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As health-care providers who work day in and day out with women, we are deeply worried about the unregulated growth of fake health centers that seek to actively deceive women facing unplanned pregnancies.

These so-called “crisis pregnancy centers” often advertise free pregnancy testing and pregnancy-options education. But once a woman steps into the facility she is presented with factually inaccurate and misleading information, often by untrained staff pretending to be medical personnel, to dissuade her from pursuing an abortion.

From Harlem to Hartford, there are more than 200 of these centers in the tristate area alone. We both work near or practically next door to these facilities. We are aware of how they strategically set up shop next to OB-GYN facilities that provide comprehensive reproductive care, including abortions, in order to lure patients away.


We have noticed how they choose names that are almost identical to family planning clinics to confuse women. We have even seen members of their staff open their doors as our patients walk by to bring them into their facility and provide them with false information about abortion.

On March 20, the Supreme Court heard National Institute of Family and Life Advocates (NIFLA) v. Becerra, a case challenging a California law that requires these facilities to provide factual information about the availability of free and low-cost government health-care services, including contraception, prenatal care and abortion care.

What we hope the Court will consider are the women who step into these facilities, sometimes scared and unsure in the face of an unplanned pregnancy. She may have simply googled or walked by the facility hoping that she would be provided judgement-free, compassionate care and advice about her options. Many of these facilities are purposely located in low-income areas where women have less resources and information about medical care.

We know the court will assess if it’s legal to actively deceive women during their time of need. But shouldn’t we also ask ourselves is this right?

Is it ethical to allow untrained staff to present women with medically inaccurate materials to scare her away from exercising her right to pursue a safe abortion in a timely manner? Is it just to deny women who are struggling to make ends meet information about government assistance for reproductive care? Is it fair to impose your morality on someone else when they will live the rest of their lives with the decision you lured them into.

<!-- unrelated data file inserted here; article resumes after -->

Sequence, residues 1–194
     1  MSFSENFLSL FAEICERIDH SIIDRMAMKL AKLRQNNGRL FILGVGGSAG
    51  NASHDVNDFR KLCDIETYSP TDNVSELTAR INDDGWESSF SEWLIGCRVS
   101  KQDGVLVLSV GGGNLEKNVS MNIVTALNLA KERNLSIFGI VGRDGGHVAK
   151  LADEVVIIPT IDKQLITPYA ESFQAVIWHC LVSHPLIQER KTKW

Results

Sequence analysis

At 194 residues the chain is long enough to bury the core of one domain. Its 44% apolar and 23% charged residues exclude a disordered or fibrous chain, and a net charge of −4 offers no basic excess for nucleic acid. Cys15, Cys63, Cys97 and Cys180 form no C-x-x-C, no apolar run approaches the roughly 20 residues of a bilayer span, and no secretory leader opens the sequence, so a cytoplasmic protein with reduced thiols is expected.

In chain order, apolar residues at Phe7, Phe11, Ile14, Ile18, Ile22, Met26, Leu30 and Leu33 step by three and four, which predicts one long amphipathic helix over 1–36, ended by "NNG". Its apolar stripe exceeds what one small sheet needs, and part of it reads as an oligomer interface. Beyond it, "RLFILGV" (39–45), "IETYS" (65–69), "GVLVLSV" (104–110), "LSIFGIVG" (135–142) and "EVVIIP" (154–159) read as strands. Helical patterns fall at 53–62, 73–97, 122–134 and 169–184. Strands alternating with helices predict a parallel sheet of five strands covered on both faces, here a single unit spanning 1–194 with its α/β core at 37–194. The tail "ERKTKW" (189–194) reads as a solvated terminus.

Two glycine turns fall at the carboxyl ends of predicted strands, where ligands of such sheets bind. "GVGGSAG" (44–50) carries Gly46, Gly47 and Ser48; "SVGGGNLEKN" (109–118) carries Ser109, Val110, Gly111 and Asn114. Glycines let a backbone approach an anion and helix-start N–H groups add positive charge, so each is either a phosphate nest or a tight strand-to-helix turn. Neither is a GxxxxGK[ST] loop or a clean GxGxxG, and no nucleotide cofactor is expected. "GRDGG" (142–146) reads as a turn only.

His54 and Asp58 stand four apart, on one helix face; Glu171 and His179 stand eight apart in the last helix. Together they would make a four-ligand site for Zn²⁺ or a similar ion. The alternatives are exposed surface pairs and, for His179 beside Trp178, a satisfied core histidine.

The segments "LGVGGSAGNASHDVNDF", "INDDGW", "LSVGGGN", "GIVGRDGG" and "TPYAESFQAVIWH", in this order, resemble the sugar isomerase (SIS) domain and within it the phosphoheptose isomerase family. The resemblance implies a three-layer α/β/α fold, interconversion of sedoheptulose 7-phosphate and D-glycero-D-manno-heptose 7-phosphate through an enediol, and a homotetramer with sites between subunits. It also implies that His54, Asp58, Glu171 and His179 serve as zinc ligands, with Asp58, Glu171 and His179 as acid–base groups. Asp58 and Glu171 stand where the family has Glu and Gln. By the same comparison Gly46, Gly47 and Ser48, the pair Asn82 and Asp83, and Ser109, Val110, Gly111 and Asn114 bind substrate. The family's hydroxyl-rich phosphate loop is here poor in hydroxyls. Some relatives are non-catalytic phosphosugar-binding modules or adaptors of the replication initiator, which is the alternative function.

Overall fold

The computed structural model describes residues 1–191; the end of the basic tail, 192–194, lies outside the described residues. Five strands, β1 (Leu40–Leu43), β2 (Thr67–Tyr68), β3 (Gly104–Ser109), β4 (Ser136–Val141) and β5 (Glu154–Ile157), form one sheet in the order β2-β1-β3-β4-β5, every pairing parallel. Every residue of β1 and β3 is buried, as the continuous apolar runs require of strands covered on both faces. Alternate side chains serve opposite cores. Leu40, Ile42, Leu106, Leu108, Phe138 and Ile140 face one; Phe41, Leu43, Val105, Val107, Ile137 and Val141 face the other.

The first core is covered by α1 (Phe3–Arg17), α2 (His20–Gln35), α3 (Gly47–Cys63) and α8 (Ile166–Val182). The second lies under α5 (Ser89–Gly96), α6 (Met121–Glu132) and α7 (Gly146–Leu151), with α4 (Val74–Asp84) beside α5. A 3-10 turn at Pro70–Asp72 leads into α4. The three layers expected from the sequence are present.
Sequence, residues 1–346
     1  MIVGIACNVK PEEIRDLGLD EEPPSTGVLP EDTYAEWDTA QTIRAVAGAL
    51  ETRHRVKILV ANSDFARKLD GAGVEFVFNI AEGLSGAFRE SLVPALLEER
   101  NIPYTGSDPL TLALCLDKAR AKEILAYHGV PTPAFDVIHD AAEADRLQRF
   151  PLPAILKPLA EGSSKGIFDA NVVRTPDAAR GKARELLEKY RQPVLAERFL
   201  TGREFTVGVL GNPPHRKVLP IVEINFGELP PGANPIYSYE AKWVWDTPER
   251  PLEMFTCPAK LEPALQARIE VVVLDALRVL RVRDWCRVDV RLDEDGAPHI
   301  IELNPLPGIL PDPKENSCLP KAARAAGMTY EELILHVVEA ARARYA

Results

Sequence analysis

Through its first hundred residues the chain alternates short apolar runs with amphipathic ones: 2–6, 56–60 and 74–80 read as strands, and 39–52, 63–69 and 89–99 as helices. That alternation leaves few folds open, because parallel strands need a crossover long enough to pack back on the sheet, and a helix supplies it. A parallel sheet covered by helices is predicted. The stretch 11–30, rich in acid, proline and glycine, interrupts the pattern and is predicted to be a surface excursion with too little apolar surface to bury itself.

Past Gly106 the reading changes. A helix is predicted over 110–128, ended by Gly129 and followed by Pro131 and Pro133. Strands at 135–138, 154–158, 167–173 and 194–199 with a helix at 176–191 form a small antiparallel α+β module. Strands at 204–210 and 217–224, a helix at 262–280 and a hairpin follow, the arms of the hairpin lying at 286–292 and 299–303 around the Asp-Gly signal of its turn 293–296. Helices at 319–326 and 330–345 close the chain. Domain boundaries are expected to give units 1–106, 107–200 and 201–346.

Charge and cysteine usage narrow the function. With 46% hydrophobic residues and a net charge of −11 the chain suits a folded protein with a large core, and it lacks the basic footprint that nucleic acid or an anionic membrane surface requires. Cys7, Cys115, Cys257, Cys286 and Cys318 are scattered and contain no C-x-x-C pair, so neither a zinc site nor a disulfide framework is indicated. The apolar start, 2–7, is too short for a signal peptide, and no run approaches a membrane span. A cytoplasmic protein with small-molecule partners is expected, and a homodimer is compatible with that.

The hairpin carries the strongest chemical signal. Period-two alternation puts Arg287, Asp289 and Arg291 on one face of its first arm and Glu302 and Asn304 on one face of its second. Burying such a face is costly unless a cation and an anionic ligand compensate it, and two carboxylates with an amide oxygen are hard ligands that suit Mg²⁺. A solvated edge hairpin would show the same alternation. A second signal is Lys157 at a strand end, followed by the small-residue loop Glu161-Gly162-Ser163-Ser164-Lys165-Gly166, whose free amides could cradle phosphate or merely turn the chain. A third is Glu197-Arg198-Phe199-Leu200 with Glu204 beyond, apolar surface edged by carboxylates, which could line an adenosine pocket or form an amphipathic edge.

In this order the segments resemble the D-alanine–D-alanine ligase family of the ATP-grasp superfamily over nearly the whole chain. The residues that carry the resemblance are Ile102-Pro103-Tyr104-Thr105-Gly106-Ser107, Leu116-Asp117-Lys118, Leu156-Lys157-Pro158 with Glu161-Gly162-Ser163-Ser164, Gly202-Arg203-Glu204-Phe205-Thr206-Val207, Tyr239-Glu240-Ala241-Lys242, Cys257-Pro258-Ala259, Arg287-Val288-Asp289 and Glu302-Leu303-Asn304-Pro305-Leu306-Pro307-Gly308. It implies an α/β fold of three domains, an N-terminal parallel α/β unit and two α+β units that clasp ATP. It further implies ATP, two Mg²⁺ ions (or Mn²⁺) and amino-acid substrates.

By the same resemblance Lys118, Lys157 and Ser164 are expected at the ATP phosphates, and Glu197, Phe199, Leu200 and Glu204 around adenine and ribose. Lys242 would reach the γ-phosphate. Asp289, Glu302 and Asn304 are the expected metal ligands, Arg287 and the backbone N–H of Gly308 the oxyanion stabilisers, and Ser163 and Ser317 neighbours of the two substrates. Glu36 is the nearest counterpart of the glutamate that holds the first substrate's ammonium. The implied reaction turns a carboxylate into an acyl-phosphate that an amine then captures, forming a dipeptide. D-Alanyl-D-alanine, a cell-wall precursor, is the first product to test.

We both went into reproductive health care because of our deeply-held faith. We both revere the right of every woman make her own moral and ethical decisions over her body. We care deeply about our neighbors, and that includes providing them with compassionate care in their time of need.

We both feel an abiding responsibility to guide our patients with compassion and empower them with comprehensive information about the options available to them. That of course includes not allowing our religious views to interfere with what our patients deem is best for them.

God gave us all free will. And that is why we believe deeply in supporting and empowering our patients with the information that will allow them to live their lives to their full potential. That is why we hope others will join us in upholding what is right and that our lawmakers stand up to say misleading women should not be sanctioned under law. It is neither just nor kind.

Dr. Albert G. Thomas is a former Catholics for Choice Board Member and an OB/GYN New York, N.Y. Jamie Beers, former clinic administrator at Hartford GYN Center, Hartford, Conn.

Source: http://thehill.com/opinion/healthcare/393074-women-need-compassionate-comprehensive-health-care-not-lies

A federal lawsuit filed Thursday in Indiana argues many of the state’s abortion laws are unconstitutional, in the latest test of the strength of the abortion rights win in Whole Woman’s Health v. Hellerstedt.

Advocates are challenging five categories of Indiana abortion laws.
 Saul Loeb/AFP/Getty Images

Fresh off filing a lawsuit seeking to undo a web of Virginia anti-choice restrictions, reproductive rights advocates in Indiana filed a federal lawsuit Thursday challenging laws they claim place ideological opposition to abortion rights above patient health in the Hoosier state.

The lawsuit, brought by attorneys on behalf of Whole Woman’s Health Alliance and All-Options Pregnancy Resource Center, challenges dozens of Indiana abortion restrictions they allege impose medically unnecessary burdens on patients, require doctors to lie to their patients, and have led to the closure of clinics across the state. 

Advocates are challenging five categories of Indiana laws. The first are targeted regulation of abortion providers laws or TRAP laws. Those laws, among other things, mandate that abortion providers have admitting privileges at a nearby hospital, require licensing that applies only to abortion clinics, and mandate that only physicians perform abortions.